Planning Your Time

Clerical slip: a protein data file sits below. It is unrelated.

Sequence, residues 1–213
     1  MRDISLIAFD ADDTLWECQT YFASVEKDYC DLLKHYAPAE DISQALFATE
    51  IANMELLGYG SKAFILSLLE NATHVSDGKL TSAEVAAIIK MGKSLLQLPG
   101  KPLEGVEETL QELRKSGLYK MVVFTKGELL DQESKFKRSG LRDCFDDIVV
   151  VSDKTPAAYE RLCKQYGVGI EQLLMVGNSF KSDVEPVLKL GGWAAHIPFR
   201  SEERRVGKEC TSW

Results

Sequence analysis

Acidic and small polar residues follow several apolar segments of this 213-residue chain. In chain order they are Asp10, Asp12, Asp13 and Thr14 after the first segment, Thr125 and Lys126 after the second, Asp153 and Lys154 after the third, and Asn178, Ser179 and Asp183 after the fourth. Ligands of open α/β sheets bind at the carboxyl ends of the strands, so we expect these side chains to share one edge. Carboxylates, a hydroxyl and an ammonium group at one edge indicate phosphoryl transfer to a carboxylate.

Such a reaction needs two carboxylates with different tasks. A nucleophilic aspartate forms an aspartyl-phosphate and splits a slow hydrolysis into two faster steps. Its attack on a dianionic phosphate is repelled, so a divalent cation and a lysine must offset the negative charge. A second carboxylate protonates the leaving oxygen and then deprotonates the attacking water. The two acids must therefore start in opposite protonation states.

Enticing as Crete's beaches are, there is much more to the island than sand and surf. Archaeological sites in Crete open at 8 or 8:30 in summer, so get an early start to wander through the ruins before the sun is blazing. You'll also want to visit some of the folklife museums that pay homage to the island's traditional past. One of the finest collections is in Vori, southwest of Heraklion; there are also excellent folk collections at the Historical and Folk Art Museum in Rethymnon and the Historical Museum of Crete in Heraklion. An evening should begin with a stroll around the shady squares that grace every Cretan town and village, or along a waterfront promenade—those in Chania, Ayios Nikolaos, and Sitia are especially picturesque and jammed with locals. Most evenings are spent over a long meal, almost always eaten outdoors in the warm weather. For entertainment, seek out a kentron (a taverna that hosts traditional Cretan music and dancing). The star performer is the lyra player, who can extract a surprisingly subtle sound from the small pear-shaped instrument, held upright on the thigh and played with a bow. Ask at your hotel where lyra players are performing—hearing the enchanting serenade could prove to be a treasured Cretan memory.

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